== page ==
In probability theory, we often look at one's chances of winning a game. If each player has an equal chance of winning, the game is said to be fair. If the game is structured so that one player has a greater chance of winning, the game is said to be unfair. Games of chance, like throwing dice or tossing a penny are considered fair games, based on luck not on skill. We are going to discuss a game that has been played for many centuries in all parts of the world and is known by many different names. This is a fair game whose outcomes are based on skill and strategy rather than luck.
The African Stone Game or Mankala, known as oware or ware in Ghana, gabatta in Ethiopia, and Azigo in Nigeria, is called the world's oldest game. It has been played by kings and shepherds alike in parts of Africa, Asia, South America, the West Indies, and the Phillipines. Game boards for oware are often carved from wood or a hollowed-out goard. In ancient times, royal game boards were carved of ivory and lined with precious metals.
There are many variations to the game. The instructions for playing oware that are provided here are drawn from Africa Counts by Claudia Zaslavsky. See the reference list for complete information.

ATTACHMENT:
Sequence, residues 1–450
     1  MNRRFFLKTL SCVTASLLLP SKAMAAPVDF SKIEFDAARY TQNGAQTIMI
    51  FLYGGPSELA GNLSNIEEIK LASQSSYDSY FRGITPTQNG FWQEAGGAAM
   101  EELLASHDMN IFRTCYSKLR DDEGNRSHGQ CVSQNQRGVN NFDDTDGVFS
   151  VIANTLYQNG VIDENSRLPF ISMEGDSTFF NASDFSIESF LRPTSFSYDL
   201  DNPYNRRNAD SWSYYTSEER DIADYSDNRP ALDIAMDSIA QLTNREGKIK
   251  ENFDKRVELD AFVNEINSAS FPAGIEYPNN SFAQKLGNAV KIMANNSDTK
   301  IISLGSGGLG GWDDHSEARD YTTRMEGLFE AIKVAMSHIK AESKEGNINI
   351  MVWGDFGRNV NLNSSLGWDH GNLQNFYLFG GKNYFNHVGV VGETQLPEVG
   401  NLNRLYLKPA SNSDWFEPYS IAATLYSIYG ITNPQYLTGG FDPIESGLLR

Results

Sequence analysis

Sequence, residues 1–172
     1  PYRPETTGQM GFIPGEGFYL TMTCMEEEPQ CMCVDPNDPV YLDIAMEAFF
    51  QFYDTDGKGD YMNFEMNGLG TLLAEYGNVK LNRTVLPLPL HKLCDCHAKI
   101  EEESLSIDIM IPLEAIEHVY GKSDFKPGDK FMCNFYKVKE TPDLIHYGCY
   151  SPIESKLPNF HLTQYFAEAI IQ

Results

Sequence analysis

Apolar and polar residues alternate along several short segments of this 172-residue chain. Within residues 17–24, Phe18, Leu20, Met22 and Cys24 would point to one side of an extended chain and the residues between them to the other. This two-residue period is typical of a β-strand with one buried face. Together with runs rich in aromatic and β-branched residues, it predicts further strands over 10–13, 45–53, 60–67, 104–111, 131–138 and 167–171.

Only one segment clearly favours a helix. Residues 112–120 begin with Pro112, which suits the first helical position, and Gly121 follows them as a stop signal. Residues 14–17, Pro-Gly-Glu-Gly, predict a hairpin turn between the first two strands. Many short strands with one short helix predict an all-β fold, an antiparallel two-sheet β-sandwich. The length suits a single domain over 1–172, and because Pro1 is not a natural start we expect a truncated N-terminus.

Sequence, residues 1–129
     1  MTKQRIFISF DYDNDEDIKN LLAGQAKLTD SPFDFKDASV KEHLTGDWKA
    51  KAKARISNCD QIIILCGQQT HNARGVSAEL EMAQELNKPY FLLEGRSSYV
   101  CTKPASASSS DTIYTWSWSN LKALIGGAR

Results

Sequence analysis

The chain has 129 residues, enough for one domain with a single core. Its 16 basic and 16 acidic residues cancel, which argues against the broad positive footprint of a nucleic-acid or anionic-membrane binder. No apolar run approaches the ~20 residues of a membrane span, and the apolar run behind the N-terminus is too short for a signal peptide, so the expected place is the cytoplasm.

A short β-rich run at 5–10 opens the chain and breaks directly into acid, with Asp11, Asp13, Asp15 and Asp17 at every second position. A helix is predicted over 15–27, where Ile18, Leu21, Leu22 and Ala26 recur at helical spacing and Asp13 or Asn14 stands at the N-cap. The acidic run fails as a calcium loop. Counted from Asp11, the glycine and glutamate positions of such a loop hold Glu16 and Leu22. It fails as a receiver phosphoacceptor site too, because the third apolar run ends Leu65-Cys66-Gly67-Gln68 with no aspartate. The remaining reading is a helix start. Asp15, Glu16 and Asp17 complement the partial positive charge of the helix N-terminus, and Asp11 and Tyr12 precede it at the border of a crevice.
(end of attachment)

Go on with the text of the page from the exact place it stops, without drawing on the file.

Sample Oware Boards
RULES FOR PLAYING OWARE
The Game Board
The game board for the two row version consists of a board that has two rows of six cups or hollowed out holes and two end pots. Egg cartons make excellent game boards. A large grid with 2 rows of 6 squares each can also be used. The pieces that are moved on the board were originally stones, but counters, pennies, lima beans, or macaroni work very well.
The objective of the game is to capture as many of your opponent's counters as possible (at least 25 counters). The player with the most counters wins. The end pots hold the captured counters.
Capturing the Opponent's Counters
Ending the Game
CONNECTIONS TO CHILDRENS' LITERATURE
Jacks is another popular childrens' game that is played, in different versions, all over the world. Jacks Around the World by Mary D. Lankford describes how many different cultures play this game.